In Greece, illness struck and Venantius died in peace. Also ill, Honoratus was obliged to return to Gaul with his instructor. At first, he lived as a hermit in the mountains near Fréjus.  Later, he settled on the island of Lérins off the southern coast of France. Followed by others, he founded a monastery on the island about the year 400. The monastic community is active to this day. St. Patrick, the great apostle of Ireland is said to have studied at Lérins.

In 426 Honoratus was pressed upon to accept the bishopric of Arles, where he reestablished Catholic orthodoxy, challenged by the Arian heresy. He died three years later exhausted from his apostolic labors.
The island of Lérins, today the island of Saint Honorat just south of Cannes, is home to Cistercian monks who live in a majestic monastery and produce fine wines and liqueurs which are well-known throughout the world.

Weekly Story

WEEKLY STORY

At the name of Mary, the angels rejoice and the demons scram...

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The Sheer Power of Mary's Name

At the name of Mary, the angels rejoice and the demons scramble.

Thomas a Kempis, author of the famous Imitation of Christ, affirms that:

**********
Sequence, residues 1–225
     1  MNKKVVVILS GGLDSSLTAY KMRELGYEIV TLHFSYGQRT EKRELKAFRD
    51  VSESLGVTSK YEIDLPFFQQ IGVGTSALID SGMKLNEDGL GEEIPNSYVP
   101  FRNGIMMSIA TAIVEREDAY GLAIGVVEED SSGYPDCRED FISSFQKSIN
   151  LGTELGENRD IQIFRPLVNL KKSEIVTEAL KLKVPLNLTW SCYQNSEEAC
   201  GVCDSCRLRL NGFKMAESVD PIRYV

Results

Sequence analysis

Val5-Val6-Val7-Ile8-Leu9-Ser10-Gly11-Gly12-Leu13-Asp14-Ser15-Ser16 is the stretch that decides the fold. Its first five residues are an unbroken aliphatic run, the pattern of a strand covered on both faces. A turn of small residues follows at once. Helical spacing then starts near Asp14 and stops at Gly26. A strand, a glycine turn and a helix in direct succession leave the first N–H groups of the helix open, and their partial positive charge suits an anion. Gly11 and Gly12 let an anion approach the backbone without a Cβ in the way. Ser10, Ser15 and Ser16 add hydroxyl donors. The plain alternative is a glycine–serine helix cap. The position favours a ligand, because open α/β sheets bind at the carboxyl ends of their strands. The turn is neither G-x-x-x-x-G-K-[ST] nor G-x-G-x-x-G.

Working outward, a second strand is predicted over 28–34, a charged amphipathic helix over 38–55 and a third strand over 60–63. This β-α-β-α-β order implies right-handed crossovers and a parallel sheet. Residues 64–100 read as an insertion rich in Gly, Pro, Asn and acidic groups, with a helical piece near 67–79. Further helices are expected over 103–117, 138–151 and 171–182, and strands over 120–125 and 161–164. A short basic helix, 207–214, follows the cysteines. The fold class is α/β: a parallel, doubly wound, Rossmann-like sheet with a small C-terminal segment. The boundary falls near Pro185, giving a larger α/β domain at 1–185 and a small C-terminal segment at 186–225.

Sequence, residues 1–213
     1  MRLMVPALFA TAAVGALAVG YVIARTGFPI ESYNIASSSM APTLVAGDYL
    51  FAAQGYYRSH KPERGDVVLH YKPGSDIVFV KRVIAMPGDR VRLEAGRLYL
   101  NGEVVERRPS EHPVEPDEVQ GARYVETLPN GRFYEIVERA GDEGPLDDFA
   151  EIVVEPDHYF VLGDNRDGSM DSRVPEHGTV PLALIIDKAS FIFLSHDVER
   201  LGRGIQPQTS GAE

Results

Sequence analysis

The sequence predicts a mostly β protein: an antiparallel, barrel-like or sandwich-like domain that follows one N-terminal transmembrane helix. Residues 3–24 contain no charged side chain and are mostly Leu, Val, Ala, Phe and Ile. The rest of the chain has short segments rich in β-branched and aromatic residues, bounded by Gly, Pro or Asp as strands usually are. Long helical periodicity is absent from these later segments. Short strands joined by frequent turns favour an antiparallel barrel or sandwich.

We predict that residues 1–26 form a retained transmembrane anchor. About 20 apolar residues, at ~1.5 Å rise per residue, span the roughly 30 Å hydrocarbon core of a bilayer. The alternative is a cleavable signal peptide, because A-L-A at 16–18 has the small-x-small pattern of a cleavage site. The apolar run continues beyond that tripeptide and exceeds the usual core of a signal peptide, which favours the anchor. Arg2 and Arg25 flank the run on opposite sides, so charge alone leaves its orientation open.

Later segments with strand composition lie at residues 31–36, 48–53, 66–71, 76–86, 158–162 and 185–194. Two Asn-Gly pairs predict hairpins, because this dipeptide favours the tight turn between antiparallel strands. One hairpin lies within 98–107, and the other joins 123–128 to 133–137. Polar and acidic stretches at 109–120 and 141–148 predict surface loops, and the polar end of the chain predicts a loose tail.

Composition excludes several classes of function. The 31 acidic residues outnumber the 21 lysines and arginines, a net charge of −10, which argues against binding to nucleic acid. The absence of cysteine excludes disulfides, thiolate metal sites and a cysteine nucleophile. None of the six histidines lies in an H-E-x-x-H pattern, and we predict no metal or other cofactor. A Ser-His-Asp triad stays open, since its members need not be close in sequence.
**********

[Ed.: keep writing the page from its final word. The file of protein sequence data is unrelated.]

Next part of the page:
“The devils fear the queen of heaven so much that by just hearing her name pronounced they fly from the person who utters it like from a burning fire”.

St. Ambrose compares her name to a sweet ointment, because whenever pronounced, it is a healing balm to our sinful souls.

“The name of Mary heals sinners, rejoices hearts and inflames them with God’s love”, says St. Alphonsus Liguori in his Glories of Mary.

Our Blessed Lady revealed to St. Bridget that there is not on earth a sinner, no matter how far he may be from God’s love who, on invoking her name with the resolution to repent, does not cause the devil to flee from him or her. No matter how imprisoned a sinner may be in the devil’s grip, as soon as the latter hears this sinner pronounce the sweet name of Mary, he is obliged to release him or her.

Our Lady also revealed to St. Bridget that in the same way as the devils fly from a person invoking her name, so do the angels approach pious souls that pronounce her name with devotion.

So, fellow sinners, this Lent let us invoke this “air-clearing” sweet and powerful name of Mary often! We and our loved ones will be the better, the freer and the happier for it!

Taken from The Glories of Mary by Saint Alphonsus Liguori

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At the name of Mary, the angels rejoice and the demons scramble.